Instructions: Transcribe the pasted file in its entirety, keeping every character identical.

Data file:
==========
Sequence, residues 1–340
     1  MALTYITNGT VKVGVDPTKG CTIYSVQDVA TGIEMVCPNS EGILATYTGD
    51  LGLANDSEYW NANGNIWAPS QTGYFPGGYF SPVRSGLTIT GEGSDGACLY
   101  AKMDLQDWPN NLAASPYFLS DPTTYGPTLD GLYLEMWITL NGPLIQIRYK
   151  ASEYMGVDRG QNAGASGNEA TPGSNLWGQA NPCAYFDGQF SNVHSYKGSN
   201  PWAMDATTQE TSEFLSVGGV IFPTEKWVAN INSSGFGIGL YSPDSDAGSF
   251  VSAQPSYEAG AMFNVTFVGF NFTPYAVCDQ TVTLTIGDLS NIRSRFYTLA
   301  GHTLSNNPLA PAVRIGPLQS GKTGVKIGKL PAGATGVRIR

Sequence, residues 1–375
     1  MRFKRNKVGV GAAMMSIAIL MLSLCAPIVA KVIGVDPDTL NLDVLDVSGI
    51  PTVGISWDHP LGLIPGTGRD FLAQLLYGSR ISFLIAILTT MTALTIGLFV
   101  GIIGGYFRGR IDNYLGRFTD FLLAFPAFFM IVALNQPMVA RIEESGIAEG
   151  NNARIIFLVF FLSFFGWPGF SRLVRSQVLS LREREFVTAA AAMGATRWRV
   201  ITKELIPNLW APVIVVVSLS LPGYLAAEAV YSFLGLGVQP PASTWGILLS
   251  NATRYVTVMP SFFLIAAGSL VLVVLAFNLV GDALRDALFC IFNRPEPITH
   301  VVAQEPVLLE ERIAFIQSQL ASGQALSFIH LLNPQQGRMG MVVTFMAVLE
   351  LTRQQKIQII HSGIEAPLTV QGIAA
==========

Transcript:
Sequence, residues 1–340
     1  MALTYITNGT VKVGVDPTKG CTIYSVQDVA TGIEMVCPNS EGILATYTGD
    51  LGLANDSEYW NANGNIWAPS QTGYFPGGYF SPVRSGLTIT GEGSDGACLY
   101  AKMDLQDWPN NLAASPYFLS DPTTYGPTLD GLYLEMWITL NGPLIQIRYK
   151  ASEYMGVDRG QNAGASGNEA TPGSNLWGQA NPCAYFDGQF SNVHSYKGSN
   201  PWAMDATTQE TSEFLSVGGV IFPTEKWVAN INSSGFGIGL YSPDSDAGSF
   251  VSAQPSYEAG AMFNVTFVGF NFTPYAVCDQ TVTLTIGDLS NIRSRFYTLA
   301  GHTLSNNPLA PAVRIGPLQS GKTGVKIGKL PAGATGVRIR

Sequence, residues 1–375
     1  MRFKRNKVGV GAAMMSIAIL MLSLCAPIVA KVIGVDPDTL NLDVLDVSGI
    51  PTVGISWDHP LGLIPGTGRD FLAQLLYGSR ISFLIAILTT MTALTIGLFV
   101  GIIGGYFRGR IDNYLGRFTD FLLAFPAFFM IVALNQPMVA RIEESGIAEG
   151  NNARIIFLVF FLSFFGWPGF SRLVRSQVLS LREREFVTAA AAMGATRWRV
   201  ITKELIPNLW APVIVVVSLS LPGYLAAEAV YSFLGLGVQP PASTWGILLS
   251  NATRYVTVMP SFFLIAAGSL VLVVLAFNLV GDALRDALFC IFNRPEPITH
   301  VVAQEPVLLE ERIAFIQSQL ASGQALSFIH LLNPQQGRMG MVVTFMAVLE
   351  LTRQQKIQII HSGIEAPLTV QGIAA